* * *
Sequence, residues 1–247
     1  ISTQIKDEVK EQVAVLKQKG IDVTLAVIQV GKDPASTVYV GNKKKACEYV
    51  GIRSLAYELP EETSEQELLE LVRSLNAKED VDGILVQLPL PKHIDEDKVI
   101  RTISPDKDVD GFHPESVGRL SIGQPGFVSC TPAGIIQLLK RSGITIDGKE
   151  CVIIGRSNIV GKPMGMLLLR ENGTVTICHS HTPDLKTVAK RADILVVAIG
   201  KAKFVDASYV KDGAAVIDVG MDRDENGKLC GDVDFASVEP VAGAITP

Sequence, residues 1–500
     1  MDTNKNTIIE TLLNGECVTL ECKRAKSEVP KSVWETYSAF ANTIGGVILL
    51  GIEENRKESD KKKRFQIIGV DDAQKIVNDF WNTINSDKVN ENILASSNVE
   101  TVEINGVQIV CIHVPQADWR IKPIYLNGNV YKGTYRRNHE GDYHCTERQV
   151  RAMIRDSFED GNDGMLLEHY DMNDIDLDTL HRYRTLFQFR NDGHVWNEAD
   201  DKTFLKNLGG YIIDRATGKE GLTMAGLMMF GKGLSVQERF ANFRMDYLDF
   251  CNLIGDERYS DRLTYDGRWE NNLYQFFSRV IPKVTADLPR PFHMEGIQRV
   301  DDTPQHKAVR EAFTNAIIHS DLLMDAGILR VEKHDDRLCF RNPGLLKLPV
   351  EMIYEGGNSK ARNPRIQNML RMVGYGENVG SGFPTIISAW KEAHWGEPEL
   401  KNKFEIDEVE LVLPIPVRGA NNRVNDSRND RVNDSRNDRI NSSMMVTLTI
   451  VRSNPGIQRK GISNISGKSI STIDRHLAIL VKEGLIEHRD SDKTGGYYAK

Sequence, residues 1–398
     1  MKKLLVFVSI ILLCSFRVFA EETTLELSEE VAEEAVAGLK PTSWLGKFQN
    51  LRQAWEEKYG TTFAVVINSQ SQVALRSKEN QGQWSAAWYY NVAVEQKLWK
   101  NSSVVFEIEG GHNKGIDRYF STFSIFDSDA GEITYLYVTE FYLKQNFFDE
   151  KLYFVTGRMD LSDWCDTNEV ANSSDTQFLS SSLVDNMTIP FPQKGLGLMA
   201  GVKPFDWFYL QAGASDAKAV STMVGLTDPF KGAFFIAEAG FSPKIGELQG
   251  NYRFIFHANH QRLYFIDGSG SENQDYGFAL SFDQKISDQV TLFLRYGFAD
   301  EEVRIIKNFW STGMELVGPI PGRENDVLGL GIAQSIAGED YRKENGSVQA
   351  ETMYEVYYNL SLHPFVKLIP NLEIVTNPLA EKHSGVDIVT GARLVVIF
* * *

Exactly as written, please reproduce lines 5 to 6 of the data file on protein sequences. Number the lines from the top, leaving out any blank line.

   151  CVIIGRSNIV GKPMGMLLLR ENGTVTICHS HTPDLKTVAK RADILVVAIG
   201  KAKFVDASYV KDGAAVIDVG MDRDENGKLC GDVDFASVEP VAGAITP